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    18th-Century Silver Inlaid Bronze Guanyin

    Appraised Value:

    $15,000 - $20,000 (2013)

    Appraised on: June 29, 2013

    Appraised in: Boise, Idaho

    Appraised by: Dessa Goddard

    Category: Asian Arts

    Episode Info: Boise (#1803)

    Originally Aired: January 20, 2014

    slideshow IMAGE: 1 of 3 Next 

    More Like This:

    Form: Figure
    Material: Bronze, Silver
    Period / Style: 18th Century
    Value Range: $15,000 - $20,000 (2013)

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    Comment

    Appraisal Video: (2:23)

    appraiser

    Appraised By:

    Dessa Goddard
    Asian Arts

    Bonhams & Butterfields, SF

    Appraisal Transcript:
    GUEST: I acquired it from an estate auction in a little town, in Jerome, Idaho. It was a couple's estate, and he had been raised in China. It was one of those auctions that you wish you could go back and do all over, they had such wonderful things. There were other beautiful things as well as her, and they sold before I could even bid on them, so I hurried and bid on her. (laughing)

    APPRAISER: What was the presale estimate for the piece?

    GUEST: $2,000 to $4,000. They had a presale on it.

    APPRAISER: I see. So this is the goddess Guanyin. It's cast of bronze with inlaid silver details, particularly in the clothing of the figure. Signed on the back, it says, "Yu Tang Shisou." Now, Shisou was a Chinese, late Ming dynasty, we think, a monk who actually instigated casting a lot of devotional Buddhist pieces, particularly Guanyin pieces. She sits in a pose of royal ease. She holds a scroll and is seated on a rockwork base with what they call a kalasa, or a vase, on her other side, which are all attributes of Guanyin, the goddess of mercy. It's one of the traditional stereotypical poses of this deity. This type of inlay was copied up until the end of the 19th century. I think this piece is 18th century, sort of cast in the middle of the period, not really in the late part of the tradition. Her face is really quite beautiful and classic 17th, 18th century. So it was estimated at $2,000 to $4,000. Well, guess what? Now it would be worth somewhere between $15,000 and $20,000.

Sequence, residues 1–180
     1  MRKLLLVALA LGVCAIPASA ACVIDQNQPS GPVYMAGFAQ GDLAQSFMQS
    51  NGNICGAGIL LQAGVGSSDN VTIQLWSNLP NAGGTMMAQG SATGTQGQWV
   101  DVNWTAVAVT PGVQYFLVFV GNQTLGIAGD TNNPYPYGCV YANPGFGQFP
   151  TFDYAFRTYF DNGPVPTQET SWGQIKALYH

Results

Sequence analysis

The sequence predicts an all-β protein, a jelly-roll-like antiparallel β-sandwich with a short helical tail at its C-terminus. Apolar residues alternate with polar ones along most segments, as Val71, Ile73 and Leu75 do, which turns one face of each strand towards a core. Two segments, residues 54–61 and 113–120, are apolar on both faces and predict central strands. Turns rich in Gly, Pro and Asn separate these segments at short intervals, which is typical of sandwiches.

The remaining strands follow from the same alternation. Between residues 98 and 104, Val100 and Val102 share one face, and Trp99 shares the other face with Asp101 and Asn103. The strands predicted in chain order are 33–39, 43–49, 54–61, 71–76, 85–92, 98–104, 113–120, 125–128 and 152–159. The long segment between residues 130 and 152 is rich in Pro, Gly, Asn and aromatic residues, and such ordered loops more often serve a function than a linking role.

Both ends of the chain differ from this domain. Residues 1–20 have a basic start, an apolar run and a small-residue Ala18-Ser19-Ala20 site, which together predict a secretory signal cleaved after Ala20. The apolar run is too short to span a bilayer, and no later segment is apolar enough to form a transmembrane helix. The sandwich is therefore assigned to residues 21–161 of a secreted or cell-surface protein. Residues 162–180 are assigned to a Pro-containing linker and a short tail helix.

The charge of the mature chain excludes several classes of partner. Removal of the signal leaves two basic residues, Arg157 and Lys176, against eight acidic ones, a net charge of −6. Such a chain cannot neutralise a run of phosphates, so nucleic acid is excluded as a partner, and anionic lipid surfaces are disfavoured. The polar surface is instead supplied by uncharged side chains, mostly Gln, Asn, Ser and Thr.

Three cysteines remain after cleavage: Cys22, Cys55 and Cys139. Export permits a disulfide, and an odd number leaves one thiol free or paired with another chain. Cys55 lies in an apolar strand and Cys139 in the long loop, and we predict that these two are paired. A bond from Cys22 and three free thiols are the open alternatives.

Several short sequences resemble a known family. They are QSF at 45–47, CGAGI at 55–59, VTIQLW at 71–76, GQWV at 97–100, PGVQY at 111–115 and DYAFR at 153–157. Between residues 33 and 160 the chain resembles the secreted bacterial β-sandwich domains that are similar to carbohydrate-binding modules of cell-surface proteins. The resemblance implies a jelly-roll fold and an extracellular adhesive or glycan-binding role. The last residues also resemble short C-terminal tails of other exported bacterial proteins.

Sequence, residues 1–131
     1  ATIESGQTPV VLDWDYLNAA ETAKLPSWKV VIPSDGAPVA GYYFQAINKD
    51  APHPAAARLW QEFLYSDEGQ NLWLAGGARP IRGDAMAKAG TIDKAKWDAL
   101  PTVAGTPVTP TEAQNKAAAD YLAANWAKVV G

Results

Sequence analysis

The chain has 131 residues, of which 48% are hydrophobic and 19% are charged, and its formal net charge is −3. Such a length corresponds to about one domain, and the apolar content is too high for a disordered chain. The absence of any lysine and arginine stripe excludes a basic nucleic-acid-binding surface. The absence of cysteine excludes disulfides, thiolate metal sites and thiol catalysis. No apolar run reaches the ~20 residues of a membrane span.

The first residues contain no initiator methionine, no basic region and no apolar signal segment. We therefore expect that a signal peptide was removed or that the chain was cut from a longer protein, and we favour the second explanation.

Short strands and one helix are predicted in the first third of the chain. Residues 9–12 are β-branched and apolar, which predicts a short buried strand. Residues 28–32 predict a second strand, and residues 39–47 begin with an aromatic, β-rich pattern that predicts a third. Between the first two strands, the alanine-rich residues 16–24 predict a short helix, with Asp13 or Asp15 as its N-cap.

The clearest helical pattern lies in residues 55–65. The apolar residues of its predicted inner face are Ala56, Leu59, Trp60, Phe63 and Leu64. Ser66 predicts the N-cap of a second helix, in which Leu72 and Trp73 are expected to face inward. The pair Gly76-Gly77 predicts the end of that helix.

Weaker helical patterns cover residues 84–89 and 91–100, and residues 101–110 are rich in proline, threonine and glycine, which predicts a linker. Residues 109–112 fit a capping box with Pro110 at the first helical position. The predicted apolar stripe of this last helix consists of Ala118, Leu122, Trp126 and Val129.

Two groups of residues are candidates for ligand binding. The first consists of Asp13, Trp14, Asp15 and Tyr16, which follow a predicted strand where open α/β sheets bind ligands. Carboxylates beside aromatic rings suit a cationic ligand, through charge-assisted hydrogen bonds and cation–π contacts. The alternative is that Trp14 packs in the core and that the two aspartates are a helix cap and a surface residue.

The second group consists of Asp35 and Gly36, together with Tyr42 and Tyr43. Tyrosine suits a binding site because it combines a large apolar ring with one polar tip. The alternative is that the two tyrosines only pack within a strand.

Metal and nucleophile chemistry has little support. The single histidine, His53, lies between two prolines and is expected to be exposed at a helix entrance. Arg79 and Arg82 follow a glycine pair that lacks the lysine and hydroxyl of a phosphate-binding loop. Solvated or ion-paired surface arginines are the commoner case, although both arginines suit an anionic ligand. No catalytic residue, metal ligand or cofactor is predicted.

GUEST: (laughing) My goodness! At auction. Oh, my goodness. If it went up for auction today... 15 to 20?

    APPRAISER: Right.

    GUEST: Wow.

    APPRAISER: What did you pay for it at this auction?

    GUEST: I paid $350.

    APPRAISER: You did extremely well.

    GUEST: Right, I think so too, and I'm sure happy.





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